Soi dog Pak Nam Pran Thailand

 

Are Soi Dogs Better off on the Street in Thailand?

 

I read a fascinating article from a farang expat in Thailand a few months ago.

 

The read had me thinking.

 

Even though the various organizations and individuals who rescue soi aka street dogs in Thailand have their hearts in the right place, the dude posed an interesting point.

 

He feels soi dogs belong on the streets of Thailand. Few soi dogs need saving he feels for these very reasons:

 

  • soi dogs enjoy living on the streets; generations of soi dog breeding programmed many of these guys and gals to treat the street as home, or, their territory
  • soi dogs feel free on the streets, being able to go where they please
  • Thai folks and ex-pats regularly feed a high number of soi dogs in Thailand; in some cases these dogs are treated like pets, save making their home a few feet or blocks away on the street
  • spaying and neutering soi dogs is becoming more common these days; this is thinning the soi dog pack for future generations

 

Care Is OK Of Course

 

You will see Thai and some ex-pats feeding soi dogs morning and evening. Peep plates filled with either dry food or tender meat pickings from street stalls.

 

In many street dog cases, receiving ample food is not an issue.

 

Other street dogs stay fat and happy off of garbage pickings. It is what it is.

 

Of course dogs with severe medical problems should be treated by vets.

 

Caring for soi dogs is awesome.

 

Displacement or Confinement Can Be Jarring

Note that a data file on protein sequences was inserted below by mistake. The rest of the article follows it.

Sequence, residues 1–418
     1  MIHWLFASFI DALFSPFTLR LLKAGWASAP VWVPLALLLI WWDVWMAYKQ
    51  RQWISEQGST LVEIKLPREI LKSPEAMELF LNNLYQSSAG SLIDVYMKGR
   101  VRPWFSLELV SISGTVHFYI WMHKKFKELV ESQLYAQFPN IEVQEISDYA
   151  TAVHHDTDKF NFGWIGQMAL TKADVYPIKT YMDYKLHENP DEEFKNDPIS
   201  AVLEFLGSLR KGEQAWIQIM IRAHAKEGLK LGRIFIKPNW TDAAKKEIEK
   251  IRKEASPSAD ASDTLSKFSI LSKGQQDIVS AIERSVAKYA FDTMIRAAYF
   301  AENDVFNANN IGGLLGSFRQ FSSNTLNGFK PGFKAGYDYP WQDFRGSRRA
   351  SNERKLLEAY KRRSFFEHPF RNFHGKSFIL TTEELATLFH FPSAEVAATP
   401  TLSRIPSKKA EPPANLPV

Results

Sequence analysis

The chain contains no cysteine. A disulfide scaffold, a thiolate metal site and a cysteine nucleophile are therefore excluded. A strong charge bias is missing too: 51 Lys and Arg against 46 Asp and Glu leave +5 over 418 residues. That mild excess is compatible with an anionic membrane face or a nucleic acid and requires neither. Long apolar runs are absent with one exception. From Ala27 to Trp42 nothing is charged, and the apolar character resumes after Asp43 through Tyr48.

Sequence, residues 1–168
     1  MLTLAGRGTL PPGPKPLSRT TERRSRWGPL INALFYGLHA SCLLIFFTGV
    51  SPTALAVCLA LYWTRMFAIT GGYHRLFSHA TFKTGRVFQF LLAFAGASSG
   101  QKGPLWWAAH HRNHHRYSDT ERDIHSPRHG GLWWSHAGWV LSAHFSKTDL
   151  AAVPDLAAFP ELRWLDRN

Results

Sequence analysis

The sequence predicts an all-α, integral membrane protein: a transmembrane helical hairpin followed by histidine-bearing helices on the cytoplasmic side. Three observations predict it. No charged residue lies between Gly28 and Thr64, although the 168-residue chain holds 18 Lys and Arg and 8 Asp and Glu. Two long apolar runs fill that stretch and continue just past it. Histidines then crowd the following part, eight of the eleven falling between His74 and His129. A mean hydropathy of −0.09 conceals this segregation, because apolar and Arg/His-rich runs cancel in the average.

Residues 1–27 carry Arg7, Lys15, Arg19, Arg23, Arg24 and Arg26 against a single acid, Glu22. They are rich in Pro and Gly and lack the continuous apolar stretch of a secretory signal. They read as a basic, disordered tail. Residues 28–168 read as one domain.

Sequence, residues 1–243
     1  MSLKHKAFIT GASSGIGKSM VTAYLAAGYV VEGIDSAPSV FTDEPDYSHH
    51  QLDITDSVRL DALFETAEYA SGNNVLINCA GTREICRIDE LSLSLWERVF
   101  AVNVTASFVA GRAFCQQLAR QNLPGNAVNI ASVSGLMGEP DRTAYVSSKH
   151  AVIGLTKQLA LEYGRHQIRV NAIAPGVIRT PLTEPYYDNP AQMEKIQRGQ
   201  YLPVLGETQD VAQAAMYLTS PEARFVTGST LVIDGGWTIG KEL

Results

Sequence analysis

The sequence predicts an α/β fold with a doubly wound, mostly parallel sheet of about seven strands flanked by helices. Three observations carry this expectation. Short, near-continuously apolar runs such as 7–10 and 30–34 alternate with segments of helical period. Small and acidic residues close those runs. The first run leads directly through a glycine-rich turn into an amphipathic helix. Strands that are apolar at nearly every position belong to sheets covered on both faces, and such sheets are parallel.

Kelli and I lived in Pak Nam Pran Thailand for a month.

 

We enjoyed spending time in this quiet, off the beaten path community on the Gulf of Thailand.

 

Bald me, blurry Penny and Bebe

 

Kelli and I befriended 2 soi dogs and a soi cat; Bebe, Penny and Noisy Norman.

 

The street dogs chilled inside the house for a bit. We fed them daily.

 

But the split second we closed a dog, preventing their freedom, Bebe and Penny flipped the eff out.

 

At around 9 PM the dogs headed out to the streets to sleep for the night.

 

The dogs were happier, more comfortable and free on the streets.

 

The Risks

 

Being on the streets exposes soi dogs to:

 

  • being hit by motorbikes and cars
  • fights with other soi dogs
  • a greater risk of sickness and disease
  • abuse from fucking deranged human beings

 

Most people who try to make soi dogs home dogs attempt to save the dogs from these risks.

 

I get it.

 

Seeing Bebe and Penny, and Biscuit in Koh Lanta, head to the streets at night tugged at my heartstrings. The first few days after our bonding, I woke with my stomach in my throat, feeling nervous I’d see our beloved little buddies laying dead by the side of the road.

 

The dogs were fine, save a little sickness experienced by Penny, remedied by a motorbike trip to the vet in Hua Hin.

 

The Main Issue

 

The main issue with trying to house a soi dog is that these dogs are happiest, freest, most comfortable and flat out bred to live outside of a home or fenced in property.

 

Even if risks rise a bit on the street, a lifetime of misery, all because of your farang guilt and sense of importance, believing that you saved a sentient being that never needed saving, is not worth it for these little furry friends.

 

I am an animal lover.

 

I cried more when my beloved Tyler died 2 decades ago than I did when my grandma died.

 

But…..if you really love something/someone/some sentient being, you will set it free.

 

Soi Dogs in Thailand

 

Do you feel soi dogs are at home on the streets of Thailand?

 

Or that street dogs should be taken from the street to be placed in a home?

 

Email me:  [email protected]